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ORIGINAL ARTICLE
Year : 2018  |  Volume : 7  |  Issue : 1  |  Page : 40

Neck, back, and shoulder pains and ergonomic factors among dental students


1 Kerman Dental and Oral Diseases Research Center, Kerman University of Medical Sciences, Kerman, Iran
2 Department of Oral Medicine, School of Dental Kerman, Kerman University of Medical Sciences, Kerman, Iran
3 Kerman Dental and Oral Diseases Research Center, Kerman University of Medical Sciences; Kerman Social Determinants on Oral Health Research Center, Kerman University of Medical Sciences; Department of Oral Medicine, School of Dental Kerman, Kerman University of Medical Sciences, Kerman, Iran

Correspondence Address:
Prof. Maryam Alsadat Hashemipour
Department of Oral Medicine, School of Dentistry, Kerman University of Medical Sciences, Kerman
Iran
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Source of Support: None, Conflict of Interest: None


DOI: 10.4103/jehp.jehp_80_16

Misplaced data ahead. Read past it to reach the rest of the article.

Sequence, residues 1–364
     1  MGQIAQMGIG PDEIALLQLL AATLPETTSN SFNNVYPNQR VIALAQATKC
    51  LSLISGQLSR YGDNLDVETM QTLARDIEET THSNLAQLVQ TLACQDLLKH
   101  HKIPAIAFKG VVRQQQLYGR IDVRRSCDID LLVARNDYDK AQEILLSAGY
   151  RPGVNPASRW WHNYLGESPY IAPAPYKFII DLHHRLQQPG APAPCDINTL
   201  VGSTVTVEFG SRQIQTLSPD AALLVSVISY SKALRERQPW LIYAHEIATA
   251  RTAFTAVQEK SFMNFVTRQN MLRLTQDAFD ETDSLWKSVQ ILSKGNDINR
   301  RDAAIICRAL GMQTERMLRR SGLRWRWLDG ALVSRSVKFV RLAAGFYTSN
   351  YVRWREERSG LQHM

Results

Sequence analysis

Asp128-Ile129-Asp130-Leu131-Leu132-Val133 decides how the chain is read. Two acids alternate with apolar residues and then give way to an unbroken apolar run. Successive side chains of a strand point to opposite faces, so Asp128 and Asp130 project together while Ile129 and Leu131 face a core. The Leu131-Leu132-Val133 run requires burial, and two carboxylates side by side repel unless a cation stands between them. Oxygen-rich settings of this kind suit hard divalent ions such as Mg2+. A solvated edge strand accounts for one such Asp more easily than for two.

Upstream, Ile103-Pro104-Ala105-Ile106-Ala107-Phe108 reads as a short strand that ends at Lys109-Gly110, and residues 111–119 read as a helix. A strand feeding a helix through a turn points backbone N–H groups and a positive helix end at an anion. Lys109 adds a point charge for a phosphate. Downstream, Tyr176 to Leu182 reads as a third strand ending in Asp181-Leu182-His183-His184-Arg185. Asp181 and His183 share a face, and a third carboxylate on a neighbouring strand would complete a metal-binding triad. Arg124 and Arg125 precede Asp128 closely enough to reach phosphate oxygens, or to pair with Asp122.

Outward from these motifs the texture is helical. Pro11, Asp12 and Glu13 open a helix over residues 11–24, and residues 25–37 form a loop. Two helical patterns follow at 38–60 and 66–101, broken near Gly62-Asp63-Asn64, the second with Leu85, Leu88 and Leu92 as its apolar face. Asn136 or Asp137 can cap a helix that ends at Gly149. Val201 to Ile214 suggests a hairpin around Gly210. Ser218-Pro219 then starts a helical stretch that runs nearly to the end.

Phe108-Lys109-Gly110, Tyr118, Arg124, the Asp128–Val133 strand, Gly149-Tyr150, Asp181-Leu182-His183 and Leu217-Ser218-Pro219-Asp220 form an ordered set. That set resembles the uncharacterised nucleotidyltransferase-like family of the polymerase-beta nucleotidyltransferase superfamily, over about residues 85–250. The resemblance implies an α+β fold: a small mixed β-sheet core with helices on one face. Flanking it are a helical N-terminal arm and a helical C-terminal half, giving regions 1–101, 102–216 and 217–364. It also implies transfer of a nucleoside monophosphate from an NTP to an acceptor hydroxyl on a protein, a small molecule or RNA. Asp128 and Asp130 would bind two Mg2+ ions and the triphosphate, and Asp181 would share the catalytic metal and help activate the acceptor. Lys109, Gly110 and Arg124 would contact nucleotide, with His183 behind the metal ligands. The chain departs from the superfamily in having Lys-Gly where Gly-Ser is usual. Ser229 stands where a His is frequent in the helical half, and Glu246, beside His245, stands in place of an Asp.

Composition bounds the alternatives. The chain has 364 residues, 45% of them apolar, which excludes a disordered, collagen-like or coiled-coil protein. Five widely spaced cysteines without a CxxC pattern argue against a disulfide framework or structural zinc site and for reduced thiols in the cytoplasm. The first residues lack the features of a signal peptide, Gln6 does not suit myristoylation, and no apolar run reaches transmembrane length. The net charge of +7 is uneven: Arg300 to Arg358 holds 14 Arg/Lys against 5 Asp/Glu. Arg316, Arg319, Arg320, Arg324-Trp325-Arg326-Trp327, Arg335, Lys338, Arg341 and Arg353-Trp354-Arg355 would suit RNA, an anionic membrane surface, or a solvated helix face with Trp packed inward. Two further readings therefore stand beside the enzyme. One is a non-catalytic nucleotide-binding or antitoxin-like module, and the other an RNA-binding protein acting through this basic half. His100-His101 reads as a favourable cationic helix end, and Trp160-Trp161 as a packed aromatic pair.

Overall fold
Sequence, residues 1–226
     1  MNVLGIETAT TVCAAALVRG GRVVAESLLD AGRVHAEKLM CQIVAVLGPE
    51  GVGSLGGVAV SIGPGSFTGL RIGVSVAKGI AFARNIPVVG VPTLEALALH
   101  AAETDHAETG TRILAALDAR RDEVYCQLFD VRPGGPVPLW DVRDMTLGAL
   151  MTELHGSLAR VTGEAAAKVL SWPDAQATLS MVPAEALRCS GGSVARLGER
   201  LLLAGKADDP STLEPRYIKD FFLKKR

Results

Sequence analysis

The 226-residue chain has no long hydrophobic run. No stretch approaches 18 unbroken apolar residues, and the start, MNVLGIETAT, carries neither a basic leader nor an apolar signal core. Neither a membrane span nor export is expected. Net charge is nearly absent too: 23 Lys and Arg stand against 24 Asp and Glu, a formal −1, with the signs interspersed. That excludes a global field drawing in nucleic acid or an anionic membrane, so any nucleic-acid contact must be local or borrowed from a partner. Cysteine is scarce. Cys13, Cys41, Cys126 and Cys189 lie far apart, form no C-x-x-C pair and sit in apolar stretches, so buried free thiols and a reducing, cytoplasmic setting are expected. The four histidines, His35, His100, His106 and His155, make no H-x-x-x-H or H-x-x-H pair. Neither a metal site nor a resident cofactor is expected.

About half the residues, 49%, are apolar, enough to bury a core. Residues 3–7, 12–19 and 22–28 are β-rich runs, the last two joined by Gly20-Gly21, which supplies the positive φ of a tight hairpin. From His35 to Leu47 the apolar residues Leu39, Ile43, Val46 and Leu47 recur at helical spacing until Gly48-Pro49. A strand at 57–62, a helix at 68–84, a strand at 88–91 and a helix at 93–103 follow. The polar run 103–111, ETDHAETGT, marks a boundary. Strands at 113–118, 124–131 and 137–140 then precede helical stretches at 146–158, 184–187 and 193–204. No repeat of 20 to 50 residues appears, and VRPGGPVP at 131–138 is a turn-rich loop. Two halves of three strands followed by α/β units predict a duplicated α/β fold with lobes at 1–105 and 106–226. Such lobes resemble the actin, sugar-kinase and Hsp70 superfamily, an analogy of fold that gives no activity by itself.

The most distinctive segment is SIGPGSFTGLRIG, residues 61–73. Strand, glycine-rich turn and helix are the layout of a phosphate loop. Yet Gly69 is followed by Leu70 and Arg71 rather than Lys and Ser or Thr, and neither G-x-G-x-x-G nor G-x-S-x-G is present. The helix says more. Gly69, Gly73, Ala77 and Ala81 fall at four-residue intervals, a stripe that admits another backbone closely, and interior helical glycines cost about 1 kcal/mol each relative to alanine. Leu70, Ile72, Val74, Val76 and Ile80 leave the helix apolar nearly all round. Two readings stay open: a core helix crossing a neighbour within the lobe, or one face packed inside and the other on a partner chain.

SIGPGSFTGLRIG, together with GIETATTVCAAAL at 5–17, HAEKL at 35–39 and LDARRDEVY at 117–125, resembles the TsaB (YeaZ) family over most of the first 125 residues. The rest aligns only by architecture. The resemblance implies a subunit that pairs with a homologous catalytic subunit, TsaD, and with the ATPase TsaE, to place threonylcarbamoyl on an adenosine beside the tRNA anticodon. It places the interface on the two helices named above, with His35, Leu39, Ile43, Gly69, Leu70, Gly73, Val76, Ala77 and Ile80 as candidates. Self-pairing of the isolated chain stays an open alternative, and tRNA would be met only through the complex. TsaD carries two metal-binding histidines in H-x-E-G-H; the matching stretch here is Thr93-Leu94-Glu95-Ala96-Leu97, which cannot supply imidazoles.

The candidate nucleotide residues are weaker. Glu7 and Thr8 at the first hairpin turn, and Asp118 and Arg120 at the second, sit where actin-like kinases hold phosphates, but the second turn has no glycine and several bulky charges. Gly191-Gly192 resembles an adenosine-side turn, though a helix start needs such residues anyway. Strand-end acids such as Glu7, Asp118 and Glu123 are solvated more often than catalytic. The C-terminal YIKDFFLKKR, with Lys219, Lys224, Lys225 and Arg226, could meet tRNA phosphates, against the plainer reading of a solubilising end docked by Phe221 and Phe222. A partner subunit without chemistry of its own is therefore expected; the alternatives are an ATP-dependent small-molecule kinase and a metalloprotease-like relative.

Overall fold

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Background: Dynamic and static activities in dentistry cause musculoskeletal disorders, but dental students do not have sufficient awareness about the effects of ergonomic factors on their health. The aim of this study was to investigate ergonomic factors that cause pain muscle in dental students in Kerman Medical University, Iran. Methods: This cross-sectional analysis study was carried out on dental students of the 3rd, 4th, 5th, and 6th year, in clinical practice in the School of Dentistry, Kerman University of Medical Sciences. A convenient sample of 199 students who met the inclusion criteria was selected and those willing to participate signed an informed consent form. Data were collected by means of a structured questionnaire for ergonomic factors and the presence of pain. The variables evaluated were pain, affected zones, gender, postures, and work environment. Results: The present research work reveals that over 69% of the dental students complained of pain in at least one part of their body. Most individuals suffered from hand and elbow (23%) and head (19%) pain. The clinical areas where more pain was found were endodontics and pedodontics. Furthermore, it was found that a high percentage of students usually worked with their legs slightly separated, with the sole of the feet resting on the stool when working. The presence of muscular pain was higher in males in this study. Furthermore, there was a statistically significant relationship with the final Rapid Entire Body Assessment score in different body parts and the participants' demographic data (sex, age, weight, height, sports, and smoking). Conclusions: The results of this study showed that the students' sitting positions and working environments need to be improved and it seems more training is necessary in this field.


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